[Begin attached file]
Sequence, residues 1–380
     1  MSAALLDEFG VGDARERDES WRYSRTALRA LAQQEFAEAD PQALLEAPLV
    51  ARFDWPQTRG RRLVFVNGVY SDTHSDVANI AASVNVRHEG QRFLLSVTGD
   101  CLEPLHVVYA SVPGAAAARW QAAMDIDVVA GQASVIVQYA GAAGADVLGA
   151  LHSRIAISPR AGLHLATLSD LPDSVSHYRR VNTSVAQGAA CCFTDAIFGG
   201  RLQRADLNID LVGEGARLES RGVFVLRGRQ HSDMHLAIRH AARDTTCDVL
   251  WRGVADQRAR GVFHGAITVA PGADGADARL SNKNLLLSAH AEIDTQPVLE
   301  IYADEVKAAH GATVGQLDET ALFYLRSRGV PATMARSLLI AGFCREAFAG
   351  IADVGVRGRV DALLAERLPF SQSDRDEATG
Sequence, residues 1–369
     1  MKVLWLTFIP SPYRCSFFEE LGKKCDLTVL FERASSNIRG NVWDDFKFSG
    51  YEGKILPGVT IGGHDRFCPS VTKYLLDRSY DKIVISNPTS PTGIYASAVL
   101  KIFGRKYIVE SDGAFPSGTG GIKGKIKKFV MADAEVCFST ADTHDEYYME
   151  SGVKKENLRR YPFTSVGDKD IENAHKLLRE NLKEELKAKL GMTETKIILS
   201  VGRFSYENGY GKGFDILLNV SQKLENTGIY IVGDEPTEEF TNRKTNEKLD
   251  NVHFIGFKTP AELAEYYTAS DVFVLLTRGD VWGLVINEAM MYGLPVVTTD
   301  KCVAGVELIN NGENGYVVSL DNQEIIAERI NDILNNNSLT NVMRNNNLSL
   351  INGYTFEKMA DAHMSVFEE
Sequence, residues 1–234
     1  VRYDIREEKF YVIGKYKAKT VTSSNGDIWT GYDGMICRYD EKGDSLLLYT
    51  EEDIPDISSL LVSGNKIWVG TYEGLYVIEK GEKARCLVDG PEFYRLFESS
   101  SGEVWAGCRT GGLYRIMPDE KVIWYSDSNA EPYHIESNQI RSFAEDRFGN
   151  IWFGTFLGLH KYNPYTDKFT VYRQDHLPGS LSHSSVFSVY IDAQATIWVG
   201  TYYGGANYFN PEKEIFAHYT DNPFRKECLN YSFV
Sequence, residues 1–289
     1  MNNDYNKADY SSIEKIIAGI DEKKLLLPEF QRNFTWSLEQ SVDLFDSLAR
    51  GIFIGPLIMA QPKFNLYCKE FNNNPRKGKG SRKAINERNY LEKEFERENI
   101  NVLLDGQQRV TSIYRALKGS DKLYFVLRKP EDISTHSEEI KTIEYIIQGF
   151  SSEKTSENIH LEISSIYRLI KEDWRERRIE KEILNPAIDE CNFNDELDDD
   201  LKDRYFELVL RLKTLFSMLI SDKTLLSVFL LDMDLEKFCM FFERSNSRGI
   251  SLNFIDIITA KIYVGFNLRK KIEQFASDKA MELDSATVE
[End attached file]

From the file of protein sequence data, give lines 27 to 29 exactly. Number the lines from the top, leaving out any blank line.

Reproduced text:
    51  GIFIGPLIMA QPKFNLYCKE FNNNPRKGKG SRKAINERNY LEKEFERENI
   101  NVLLDGQQRV TSIYRALKGS DKLYFVLRKP EDISTHSEEI KTIEYIIQGF
   151  SSEKTSENIH LEISSIYRLI KEDWRERRIE KEILNPAIDE CNFNDELDDD